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170 TECHNOLOGY AND EMPLOYMENT Technological change will not limit employment opportunities for individuals entering the labor force with strong basic skills. The most reliable projections of future job growth suggest that the number of jobs in the broad occupational categories accounting for the majority of entrant employment will continue to expand. Combined with a projected lower rate of growth in the entrant pool, this conclusion suggests that labor force entrants with strong basic skills (numerical reasoning, prob- lem solving, literacy, and written communication) will fare well in the job markets of the future (see Chapter 51. Technology and Work Force Adjustment A substantial portion from 20 to 30 percent of displaced workers with job experience lack basic skills. These workers often remain unem- ployed longer and have difficulty finding new jobs without incurring significant wage reductions. In view of the fact that technological and structural change in this economy will place increasing demands on the ability of workers to adjust, experienced workers who lack basic skills will face even greater difficulties in future job markets (see Chapter 31. The evidence suggests that displaced workers who receive substan- tial advance notice of permanent job loss experience shorter periods of unemployment than workers who do not receive such notice. Substantial advance notice (several months) of permanent layoffs or plant shutdowns appears to reduce the severity of worker displacement. Moreover, such a policy can improve the effectiveness of job search assistance, counseling, and retraining programs, thereby reducing the public costs of unemploy- ment (see Chapter 71. The primary federal program for displaced workers, Title III of the Job Training Partnership Act (JTPA>, emphasizes the rapid placement of workers in new jobs. It does not appear to serve the needs of many displaced workers. JTPA provides little training for the substantial number of displaced workers who need better basic skills; it also provides little extended training in job-related skills for other workers (see Chapter 71. Displaced worker adjustment assistance programs reduce the dura- tion of unemployment after displacement and result in higher wages in new jobs obtained immediately after participation in such programs. There is limited evidence on the contribution of retraining in basic and job-related skills (a component of many such programs) to the employ- ment and earnings prospects of displaced workers. Nevertheless, it would be wrong to conclude from this that retraining is ineffective or that it has a negative impact on earnings or reemployment prospects. Too little is known about the components of effective adjustment programs for displaced worker populations with different characteristics because of the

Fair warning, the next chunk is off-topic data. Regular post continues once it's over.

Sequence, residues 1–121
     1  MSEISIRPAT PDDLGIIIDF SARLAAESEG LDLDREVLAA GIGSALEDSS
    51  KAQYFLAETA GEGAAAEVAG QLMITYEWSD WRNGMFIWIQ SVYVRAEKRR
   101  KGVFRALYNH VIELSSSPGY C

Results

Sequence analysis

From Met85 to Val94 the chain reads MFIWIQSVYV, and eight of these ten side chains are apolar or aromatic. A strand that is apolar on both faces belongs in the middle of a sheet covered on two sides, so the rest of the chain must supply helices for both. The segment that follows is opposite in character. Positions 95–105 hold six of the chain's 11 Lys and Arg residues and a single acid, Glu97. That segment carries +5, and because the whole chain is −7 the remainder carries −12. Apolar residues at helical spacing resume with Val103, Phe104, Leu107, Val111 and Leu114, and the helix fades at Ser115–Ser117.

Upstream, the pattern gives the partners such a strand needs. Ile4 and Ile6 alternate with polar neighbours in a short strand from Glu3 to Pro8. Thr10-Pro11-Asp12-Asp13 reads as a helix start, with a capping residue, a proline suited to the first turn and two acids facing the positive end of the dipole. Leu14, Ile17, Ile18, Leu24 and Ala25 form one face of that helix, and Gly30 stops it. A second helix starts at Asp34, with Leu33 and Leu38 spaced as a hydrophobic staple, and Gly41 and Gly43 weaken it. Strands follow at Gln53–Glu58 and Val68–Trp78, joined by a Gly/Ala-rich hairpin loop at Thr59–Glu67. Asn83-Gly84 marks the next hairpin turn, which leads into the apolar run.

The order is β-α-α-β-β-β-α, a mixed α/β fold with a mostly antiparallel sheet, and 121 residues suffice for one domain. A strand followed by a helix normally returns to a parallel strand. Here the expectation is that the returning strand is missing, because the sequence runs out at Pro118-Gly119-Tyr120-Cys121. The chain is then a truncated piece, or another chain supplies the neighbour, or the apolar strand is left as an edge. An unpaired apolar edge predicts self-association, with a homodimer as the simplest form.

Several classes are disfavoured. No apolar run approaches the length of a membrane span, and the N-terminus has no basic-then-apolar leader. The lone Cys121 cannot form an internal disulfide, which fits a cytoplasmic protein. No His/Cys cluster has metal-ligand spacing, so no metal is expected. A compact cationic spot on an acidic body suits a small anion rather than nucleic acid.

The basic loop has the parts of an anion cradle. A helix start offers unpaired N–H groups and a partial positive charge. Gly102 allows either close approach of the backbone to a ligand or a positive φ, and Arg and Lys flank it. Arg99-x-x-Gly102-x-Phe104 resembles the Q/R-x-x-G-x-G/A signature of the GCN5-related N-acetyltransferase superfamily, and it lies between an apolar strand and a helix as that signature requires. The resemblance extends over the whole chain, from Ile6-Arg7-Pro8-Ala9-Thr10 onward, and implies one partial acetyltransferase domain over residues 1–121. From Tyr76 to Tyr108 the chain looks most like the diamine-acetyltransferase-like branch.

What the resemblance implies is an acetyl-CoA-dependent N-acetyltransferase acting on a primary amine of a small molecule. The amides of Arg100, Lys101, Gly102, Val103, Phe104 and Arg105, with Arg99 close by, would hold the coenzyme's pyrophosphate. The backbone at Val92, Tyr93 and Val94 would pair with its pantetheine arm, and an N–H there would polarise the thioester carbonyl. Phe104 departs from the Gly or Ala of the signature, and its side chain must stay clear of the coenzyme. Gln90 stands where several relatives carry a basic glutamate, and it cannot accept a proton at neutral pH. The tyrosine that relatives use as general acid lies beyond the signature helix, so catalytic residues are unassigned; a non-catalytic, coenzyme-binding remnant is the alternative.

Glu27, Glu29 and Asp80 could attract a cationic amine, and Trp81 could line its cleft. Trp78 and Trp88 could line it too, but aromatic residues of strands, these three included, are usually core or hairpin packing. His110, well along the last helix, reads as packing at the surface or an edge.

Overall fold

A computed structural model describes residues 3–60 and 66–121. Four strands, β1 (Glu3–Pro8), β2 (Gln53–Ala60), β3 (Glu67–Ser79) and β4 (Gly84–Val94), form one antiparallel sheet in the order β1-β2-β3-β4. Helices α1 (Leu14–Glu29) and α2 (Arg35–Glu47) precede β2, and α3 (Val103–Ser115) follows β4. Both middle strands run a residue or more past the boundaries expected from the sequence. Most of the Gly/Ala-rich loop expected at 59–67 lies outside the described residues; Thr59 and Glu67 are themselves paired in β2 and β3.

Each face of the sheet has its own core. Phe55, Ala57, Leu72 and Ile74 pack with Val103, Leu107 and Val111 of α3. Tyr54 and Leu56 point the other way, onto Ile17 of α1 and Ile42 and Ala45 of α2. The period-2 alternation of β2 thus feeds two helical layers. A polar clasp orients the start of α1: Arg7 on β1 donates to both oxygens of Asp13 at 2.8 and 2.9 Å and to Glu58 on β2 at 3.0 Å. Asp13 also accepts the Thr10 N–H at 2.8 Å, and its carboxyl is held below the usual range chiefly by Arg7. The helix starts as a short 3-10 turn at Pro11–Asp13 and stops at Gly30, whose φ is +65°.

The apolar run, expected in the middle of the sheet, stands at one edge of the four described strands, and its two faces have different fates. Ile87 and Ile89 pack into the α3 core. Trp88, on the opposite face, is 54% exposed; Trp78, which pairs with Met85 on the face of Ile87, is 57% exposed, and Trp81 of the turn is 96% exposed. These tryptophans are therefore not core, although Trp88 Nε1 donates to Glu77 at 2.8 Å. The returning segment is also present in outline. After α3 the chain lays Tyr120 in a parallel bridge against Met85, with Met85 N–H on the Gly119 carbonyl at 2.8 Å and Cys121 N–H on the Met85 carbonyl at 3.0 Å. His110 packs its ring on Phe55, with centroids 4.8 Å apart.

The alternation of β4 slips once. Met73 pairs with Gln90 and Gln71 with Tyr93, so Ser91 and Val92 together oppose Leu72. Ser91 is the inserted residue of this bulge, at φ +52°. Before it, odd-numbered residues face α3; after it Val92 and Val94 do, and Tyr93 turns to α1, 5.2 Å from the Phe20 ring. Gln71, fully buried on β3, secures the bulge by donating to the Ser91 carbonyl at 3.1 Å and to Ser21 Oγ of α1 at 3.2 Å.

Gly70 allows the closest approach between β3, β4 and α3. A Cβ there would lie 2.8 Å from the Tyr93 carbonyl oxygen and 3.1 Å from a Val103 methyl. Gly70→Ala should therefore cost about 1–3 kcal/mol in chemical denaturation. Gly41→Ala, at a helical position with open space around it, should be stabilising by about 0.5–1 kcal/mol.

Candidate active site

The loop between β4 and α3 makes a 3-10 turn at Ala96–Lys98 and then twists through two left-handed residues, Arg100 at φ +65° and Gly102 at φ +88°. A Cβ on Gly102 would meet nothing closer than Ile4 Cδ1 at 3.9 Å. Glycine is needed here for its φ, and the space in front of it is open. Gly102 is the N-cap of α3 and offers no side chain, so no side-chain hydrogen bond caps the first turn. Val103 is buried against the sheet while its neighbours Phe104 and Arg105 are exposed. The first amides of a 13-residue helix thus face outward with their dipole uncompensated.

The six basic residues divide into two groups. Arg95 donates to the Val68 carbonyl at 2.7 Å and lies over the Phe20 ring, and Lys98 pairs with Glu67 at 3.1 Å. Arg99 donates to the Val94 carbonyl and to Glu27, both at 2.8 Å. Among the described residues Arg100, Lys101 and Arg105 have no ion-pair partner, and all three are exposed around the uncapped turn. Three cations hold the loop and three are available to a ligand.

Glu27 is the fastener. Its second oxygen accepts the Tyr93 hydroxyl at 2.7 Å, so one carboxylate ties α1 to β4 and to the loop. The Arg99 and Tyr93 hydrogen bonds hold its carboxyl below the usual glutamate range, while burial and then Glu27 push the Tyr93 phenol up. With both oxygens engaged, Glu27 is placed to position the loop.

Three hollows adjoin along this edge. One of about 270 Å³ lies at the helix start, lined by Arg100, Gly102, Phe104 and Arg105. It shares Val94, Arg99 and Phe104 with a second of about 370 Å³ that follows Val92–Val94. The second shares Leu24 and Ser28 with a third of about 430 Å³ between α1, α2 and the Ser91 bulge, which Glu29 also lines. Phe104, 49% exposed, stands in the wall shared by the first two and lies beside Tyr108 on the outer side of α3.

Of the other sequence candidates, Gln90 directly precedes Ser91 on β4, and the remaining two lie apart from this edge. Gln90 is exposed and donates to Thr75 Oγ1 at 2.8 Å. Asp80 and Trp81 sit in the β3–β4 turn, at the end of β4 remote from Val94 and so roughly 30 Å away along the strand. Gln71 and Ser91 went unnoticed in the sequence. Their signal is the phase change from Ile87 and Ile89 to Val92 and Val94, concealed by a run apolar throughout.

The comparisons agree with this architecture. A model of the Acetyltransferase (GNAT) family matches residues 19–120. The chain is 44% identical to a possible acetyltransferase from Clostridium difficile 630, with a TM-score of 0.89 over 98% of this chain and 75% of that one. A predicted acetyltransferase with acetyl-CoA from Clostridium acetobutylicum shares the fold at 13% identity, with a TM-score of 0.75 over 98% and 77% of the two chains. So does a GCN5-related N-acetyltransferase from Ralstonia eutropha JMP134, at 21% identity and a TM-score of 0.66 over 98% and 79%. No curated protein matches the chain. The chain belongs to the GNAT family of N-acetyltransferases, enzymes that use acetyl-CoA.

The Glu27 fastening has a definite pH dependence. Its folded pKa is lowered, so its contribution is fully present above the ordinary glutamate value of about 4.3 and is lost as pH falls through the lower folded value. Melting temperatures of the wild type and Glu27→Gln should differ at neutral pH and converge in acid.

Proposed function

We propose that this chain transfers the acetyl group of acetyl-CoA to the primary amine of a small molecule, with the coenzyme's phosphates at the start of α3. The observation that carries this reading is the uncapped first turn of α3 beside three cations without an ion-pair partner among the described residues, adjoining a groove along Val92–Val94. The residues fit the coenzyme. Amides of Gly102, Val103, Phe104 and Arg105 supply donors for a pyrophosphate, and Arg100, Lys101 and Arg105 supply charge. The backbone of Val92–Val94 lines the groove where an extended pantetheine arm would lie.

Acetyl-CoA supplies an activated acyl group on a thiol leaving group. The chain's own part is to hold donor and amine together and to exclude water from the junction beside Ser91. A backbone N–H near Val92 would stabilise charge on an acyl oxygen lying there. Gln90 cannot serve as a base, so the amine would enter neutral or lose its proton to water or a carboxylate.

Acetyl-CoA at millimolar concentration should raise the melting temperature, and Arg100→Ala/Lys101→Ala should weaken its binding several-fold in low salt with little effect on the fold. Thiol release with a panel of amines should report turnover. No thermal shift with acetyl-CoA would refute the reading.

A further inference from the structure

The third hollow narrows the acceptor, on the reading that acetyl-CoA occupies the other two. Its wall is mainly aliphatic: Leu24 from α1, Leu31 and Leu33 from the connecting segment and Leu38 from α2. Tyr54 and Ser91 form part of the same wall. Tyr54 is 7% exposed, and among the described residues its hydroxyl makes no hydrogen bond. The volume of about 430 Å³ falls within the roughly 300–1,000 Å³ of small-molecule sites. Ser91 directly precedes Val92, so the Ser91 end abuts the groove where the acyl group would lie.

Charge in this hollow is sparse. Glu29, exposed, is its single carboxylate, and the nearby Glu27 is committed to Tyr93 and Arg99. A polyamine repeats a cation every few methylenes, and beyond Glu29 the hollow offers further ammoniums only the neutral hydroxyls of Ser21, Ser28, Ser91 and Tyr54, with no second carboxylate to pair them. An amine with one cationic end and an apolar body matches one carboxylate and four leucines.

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FINDINGS 17 1 paucity of rigorous evaluations of such programs. Additional policy experiments and evaluations are badly needed to improve these programs (see Chapters 7 and 84. CHAPTER FINDINGS Chapter 2: The Sources and Rate of Technological Change in the U.S. Economy Nontechnological, managerial, and organizational factors power- fully influence the adoption of new technologies and the impact of their adoption on product quality, labor productivity, and the skill require- ments of labor. Indeed, the recent experience of some U.S. adopters of advanced manufacturing technologies suggests that changes in the struc- ture of management and production organization are as important as the technologies themselves in improving productivity and product quality. A work force that is well trained in job-related skills, and therefore capable of adopting new technologies more rapidly, can improve the ability of U.S. firms to remain at the technological frontier and to compete more electively in international markets. The evidence on job-specific training and the adoption of new technologies in other nations, such as Japan, Sweden, and West Germany, is qualitative rather than quantitative, but it suggests that investments in improving the job-related skills of the blue-collar work force can contribute to more rapid adoption and effective utilization of new technologies. The rate of technological change in the United States does not appear to have increased in recent years. Acceleration in the rate at which new technologies are developed and adopted within this economy should be revealed in increases in labor productivity growth within the overall economy. Such growth during the past decade has been well below its postwar average. Within the manufacturing sector, labor productivity growth recently has increased, although it does not significantly exceed levels of the 1950s or early 1960s. In the nonmanufacturing sector, labor productivity growth remains low, well below the postwar average (although this may reflect measurement problems). Chapter 3: Labor Supply and Demand Within the U.S. Economy An average of more than 1 million experienced workers (those with at least 3 years' tenure in their jobsJ were displaced each year during 1979-1983. The annual flow of displaced workers accounted for 10-13 percent of the unemployed population during 1979-1983, although the